Governments across the world have long recognized protections for pregnant women against workplace discrimination. To illustrate, the nation of Sweden not only bans discrimination based on pregnancy, but also requires all employers with over 25 people on staff to help workers -- both female and male -- achieve a work-life balance.
The U.S. is really no exception, as the guidelines created by the Equal Employment Opportunity Commission clearly establish that it is illegal for employers to discriminate against or harass pregnant women.
While these guidelines have proven instrumental in protecting pregnant women in the workplace, they were last updated in 1983. This coupled with the fact that data gathered by the EEOC revealed a 46 percent jump in the number of complaints related to pregnancy from 1997 to 2011 prompted the agency to undertake a much-needed revision.
"Despite much progress, we continue to see a significant number of charges alleging pregnancy discrimination, and our investigations have revealed the persistence of overt pregnancy discrimination, as well as the emergence of more subtle discriminatory practices," said the chair of the EEOC.
These revised guidelines, which were approved by the five-member commission earlier this week on a 3-2 vote, reiterate the requirements of the Pregnancy Discrimination Act, and, for the first time, discuss how the American with Disabilities Act, as amended in 2008, pertains to those women with pregnancy-related disabilities.
Some of the additional noteworthy points made in the revised EEOC guidelines include:
- Employers might be required to provide "light duty" for pregnant workers.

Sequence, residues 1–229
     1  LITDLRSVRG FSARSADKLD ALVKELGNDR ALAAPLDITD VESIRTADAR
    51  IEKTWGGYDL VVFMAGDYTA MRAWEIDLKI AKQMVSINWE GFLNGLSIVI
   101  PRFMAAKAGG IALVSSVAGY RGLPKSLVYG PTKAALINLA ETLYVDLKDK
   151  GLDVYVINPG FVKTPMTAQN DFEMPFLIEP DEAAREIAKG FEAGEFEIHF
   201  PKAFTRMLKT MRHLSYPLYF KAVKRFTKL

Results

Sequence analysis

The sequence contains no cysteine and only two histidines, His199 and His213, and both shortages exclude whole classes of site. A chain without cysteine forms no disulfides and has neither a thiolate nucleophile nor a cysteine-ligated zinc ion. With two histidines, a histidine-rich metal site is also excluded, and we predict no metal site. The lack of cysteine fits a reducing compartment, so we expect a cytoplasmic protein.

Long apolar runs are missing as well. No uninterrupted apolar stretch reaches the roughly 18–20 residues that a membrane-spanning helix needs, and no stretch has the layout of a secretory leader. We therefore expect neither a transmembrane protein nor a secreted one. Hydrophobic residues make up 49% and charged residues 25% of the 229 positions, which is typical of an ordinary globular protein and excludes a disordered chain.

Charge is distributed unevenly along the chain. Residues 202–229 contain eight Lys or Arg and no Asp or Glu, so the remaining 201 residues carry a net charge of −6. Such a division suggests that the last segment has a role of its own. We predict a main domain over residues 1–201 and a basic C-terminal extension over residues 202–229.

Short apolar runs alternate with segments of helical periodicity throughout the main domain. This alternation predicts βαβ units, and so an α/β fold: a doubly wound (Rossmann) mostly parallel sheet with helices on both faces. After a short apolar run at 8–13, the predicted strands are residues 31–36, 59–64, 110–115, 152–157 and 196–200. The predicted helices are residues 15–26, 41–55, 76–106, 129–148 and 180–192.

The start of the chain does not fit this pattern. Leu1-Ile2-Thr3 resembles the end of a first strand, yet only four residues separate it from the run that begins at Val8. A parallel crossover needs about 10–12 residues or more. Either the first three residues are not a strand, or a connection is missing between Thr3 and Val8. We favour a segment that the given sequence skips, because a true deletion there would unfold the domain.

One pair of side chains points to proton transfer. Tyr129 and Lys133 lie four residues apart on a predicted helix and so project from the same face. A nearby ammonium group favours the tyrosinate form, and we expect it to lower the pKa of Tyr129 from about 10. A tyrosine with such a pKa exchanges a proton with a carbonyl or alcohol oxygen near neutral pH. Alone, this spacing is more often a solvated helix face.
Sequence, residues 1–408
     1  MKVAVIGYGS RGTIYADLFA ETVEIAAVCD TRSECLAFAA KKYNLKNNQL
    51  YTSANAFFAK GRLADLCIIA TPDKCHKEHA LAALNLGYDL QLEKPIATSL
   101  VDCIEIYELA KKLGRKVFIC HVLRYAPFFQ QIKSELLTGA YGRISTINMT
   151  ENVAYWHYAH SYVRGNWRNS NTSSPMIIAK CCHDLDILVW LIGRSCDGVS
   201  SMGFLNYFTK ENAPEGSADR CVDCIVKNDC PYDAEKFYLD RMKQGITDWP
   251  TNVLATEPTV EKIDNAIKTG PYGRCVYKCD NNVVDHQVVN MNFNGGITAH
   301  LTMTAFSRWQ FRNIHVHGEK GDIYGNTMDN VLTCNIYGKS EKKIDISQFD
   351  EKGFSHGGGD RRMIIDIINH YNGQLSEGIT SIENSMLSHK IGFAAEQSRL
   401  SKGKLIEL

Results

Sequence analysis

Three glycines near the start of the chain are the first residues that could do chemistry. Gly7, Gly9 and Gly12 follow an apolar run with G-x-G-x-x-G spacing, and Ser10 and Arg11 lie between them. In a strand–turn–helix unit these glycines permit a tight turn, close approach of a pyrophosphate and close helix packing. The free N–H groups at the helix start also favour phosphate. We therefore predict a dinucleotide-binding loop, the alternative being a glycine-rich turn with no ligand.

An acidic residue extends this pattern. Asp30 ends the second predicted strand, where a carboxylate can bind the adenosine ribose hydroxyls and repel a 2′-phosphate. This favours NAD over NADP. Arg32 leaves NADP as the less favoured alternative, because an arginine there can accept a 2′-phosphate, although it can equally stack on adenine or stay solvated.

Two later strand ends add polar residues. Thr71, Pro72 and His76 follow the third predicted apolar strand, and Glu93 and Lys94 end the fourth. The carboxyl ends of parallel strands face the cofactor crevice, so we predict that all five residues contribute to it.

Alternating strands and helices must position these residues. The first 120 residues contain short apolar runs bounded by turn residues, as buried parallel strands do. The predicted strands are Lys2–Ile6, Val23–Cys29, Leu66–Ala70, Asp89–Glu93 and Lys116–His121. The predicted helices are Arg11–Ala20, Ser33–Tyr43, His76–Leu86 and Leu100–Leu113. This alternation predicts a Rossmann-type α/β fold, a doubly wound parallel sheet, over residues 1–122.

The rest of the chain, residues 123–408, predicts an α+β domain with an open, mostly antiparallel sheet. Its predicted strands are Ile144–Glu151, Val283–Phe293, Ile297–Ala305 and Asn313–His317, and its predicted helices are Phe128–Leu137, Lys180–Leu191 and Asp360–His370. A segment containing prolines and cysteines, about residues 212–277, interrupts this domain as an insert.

- Employers cannot force pregnant employees to take leave.
- Employers are prohibited from discriminating against female employers based on past or prospective pregnancies.
- Lactation is considered a pregnancy-related medical condition.
- Those men and women who are "similarly situated" must be treated equally when it comes to parental leave.
The EEOC's actions, 30-plus years in the making, earned praise from many, including the American Civil Liberties Union, which has long supported the Obama Administration's efforts to more strictly enforce federal anti-discrimination laws.
"Pregnancy is not a justification for excluding women from jobs that they are qualified to perform, and it cannot be a basis for denying employment or treating women less favorably than co-workers," said an ACLU official.
It is indeed encouraging to see the EEOC greatly enhance the protections available to pregnant workers. Indeed, this should serve to remind any women who have fallen victim to pregnancy discrimination to understand that they do have rights under both state and federal law, and that they can hold an employer accountable for violating these rights.
Source: PBS Newshour, "Updated guidelines give new protections for pregnant women," Tom Raum, July 15, 2014